Avinash Chander, scientific adviser to the defence minister and director general Defence Research and Development Organisation (DRDO), told India Strategic magazine (www.indiastrategic.in) that the LCA-Navy had already done more than 25 test flights from a runway. As these were successful and met the designated parameters, the aircraft will now be deployed at a naval base in Goa to commence ramp flights, probably after the monsoon.
Goa, on the Arabian seafront, has a major naval air station, INS Hansa, where the MiG- 29Ks for Indian aircraft carriers are also located.
The station has a 14-degree ramp along with necessary testing sensors and paraphernalia to monitor the flights and was specifically built as part of the indigenous LCA-Navy development programme. But as it is a national naval asset, it is shared by the MiG-29Ks for training pilots and flight tests. Both the aircraft need the same degree in the ramp, matching the one on INS Vikramaditya, acquired from Russia, and INS Vikrant, now being built at the Kochi shipyard.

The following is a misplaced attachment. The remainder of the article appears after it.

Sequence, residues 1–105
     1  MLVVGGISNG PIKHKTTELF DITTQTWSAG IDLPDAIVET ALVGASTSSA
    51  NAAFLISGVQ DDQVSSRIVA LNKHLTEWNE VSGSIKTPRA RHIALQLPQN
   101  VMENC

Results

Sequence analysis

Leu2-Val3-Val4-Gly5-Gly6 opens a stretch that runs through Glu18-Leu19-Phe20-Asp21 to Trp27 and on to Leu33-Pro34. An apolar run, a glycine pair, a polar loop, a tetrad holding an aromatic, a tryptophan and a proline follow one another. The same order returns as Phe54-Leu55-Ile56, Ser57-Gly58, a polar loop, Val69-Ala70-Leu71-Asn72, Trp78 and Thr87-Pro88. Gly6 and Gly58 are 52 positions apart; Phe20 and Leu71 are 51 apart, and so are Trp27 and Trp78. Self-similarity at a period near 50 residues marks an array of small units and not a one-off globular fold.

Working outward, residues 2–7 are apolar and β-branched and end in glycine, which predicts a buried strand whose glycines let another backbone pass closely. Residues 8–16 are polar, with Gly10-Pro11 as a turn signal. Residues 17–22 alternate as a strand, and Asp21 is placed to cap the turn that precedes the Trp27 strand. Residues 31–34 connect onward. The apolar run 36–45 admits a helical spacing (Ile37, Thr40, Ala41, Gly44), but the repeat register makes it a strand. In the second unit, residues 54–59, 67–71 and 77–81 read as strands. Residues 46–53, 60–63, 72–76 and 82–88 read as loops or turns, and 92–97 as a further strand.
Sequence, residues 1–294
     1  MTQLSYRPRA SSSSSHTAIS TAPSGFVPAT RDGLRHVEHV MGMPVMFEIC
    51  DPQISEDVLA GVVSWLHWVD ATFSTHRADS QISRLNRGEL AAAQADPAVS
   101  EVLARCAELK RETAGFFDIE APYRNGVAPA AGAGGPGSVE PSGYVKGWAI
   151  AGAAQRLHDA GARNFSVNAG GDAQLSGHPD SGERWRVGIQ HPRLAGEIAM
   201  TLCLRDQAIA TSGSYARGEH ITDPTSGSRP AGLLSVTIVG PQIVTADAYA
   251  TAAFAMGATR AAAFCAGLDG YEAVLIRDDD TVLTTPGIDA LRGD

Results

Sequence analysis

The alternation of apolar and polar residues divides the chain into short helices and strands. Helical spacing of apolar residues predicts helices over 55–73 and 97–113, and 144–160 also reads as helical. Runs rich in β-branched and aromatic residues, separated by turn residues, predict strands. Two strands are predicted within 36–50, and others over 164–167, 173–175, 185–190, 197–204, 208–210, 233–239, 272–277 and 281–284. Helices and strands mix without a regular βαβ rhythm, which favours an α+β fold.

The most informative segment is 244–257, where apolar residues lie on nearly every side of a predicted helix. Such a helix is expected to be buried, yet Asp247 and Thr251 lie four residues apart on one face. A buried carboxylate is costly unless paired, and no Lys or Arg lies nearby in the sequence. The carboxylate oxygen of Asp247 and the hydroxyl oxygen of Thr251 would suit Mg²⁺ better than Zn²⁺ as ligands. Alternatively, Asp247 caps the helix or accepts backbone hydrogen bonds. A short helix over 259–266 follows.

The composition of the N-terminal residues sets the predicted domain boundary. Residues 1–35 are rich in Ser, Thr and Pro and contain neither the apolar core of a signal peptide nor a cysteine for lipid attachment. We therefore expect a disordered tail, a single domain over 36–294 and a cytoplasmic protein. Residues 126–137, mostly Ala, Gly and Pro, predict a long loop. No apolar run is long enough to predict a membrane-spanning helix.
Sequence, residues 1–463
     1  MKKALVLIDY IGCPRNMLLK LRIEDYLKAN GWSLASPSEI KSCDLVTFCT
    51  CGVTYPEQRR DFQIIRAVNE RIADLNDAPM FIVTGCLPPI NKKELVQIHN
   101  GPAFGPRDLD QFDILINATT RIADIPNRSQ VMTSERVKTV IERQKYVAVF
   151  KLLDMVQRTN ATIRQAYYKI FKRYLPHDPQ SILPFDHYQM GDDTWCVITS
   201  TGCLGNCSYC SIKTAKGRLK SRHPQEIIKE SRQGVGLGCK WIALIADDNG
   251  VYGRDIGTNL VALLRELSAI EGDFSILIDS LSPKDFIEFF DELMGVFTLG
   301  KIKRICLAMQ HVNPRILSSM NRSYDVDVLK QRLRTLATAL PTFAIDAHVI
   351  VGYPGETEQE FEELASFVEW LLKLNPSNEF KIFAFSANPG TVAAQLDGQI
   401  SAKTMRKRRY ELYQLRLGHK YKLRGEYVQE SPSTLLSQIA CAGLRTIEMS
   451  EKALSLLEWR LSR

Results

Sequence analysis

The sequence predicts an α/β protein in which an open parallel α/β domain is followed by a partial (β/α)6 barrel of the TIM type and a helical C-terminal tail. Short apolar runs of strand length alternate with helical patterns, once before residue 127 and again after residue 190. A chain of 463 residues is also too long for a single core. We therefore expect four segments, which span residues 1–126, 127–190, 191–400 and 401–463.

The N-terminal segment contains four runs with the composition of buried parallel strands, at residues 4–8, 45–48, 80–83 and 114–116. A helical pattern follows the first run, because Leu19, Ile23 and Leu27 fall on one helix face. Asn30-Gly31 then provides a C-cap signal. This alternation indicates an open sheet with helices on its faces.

Chander said that the flight tests are being conducted with LCA Mark-I to prove certain technologies and to familiarise the naval pilots with them. One aircraft is operational, another is on the anvil and a third will son be available to complete the trials. After that, for full weaponised operations aboard carriers, will come the LCA Mark-II powered by GE 414 engines, according to India Strategic.
The naval variant, being tested from the HAL airport in Bangalore, has a bigger undercarriage that Hindustan Aeronautics has built to facilitate deck landings. The development programme is coordinated by a one-star naval pilot.